In this country, we can be enormously proud of the progress we have made on gender equality. This Government have made great strides in ensuring that men and women are rewarded equally for their skills and abilities. More women than ever are in work, and the gender pay gap is at its lowest point, but we must persist. The new gender pay gap regulations, which will come into force next month, will provide greater transparency and move us significantly in the direction of eliminating the pay gap altogether. This progress, combined with our introduction of shared parental leave and pay, is also an important step in recognising the often undervalued work that women do. It goes a long way to addressing the impact of punitive career setbacks that occur when one parent takes on the lion’s share of domestic responsibilities.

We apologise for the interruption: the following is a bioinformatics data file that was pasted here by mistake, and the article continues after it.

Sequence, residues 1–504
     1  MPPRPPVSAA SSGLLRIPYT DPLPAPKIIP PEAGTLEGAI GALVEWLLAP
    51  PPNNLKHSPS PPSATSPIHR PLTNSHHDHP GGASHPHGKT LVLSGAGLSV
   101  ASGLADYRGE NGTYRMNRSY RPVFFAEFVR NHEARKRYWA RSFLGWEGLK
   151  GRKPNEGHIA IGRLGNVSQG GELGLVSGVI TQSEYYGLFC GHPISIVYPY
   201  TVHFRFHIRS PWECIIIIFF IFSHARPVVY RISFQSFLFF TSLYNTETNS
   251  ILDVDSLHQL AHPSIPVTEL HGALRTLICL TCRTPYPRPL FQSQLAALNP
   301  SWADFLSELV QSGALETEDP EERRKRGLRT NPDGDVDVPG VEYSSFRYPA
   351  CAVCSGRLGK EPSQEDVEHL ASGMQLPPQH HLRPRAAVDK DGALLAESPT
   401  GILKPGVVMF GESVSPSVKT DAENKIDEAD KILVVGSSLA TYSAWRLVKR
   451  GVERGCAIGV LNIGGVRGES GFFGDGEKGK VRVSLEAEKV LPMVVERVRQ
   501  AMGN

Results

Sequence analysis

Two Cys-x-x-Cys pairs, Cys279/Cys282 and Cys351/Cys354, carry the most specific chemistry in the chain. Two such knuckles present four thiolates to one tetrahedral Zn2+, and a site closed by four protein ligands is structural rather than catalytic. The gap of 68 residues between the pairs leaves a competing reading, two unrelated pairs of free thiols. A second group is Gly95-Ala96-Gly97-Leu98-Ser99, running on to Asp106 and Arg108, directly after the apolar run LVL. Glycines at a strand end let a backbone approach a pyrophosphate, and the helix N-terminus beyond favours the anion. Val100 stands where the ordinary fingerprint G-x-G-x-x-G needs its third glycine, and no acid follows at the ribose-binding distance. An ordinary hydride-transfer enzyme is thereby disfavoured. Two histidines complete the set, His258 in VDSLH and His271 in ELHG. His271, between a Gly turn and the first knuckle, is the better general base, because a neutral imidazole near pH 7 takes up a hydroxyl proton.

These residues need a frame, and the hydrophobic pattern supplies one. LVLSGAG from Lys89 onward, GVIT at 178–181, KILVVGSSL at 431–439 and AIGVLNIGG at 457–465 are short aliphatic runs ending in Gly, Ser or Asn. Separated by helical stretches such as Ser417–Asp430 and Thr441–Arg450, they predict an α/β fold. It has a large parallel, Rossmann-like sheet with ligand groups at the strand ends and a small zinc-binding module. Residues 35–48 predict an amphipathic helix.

I remember those painful setbacks myself. As a single mother, I experienced the immense pressure of wanting to be a perfect and indestructible parent while having to support my son and trying to lead a successful professional life. It is a balancing act that is often misunderstood and can be incredibly challenging and heartbreaking, which is why it is of the utmost importance that we give single parents the credit and support they deserve. Luckily, in my professional life I have had the privilege of working in some of the most forward-thinking, creative and innovative companies, and throughout that experience I have witnessed great women contributing their skills and talents to improving our lives through technology and innovation.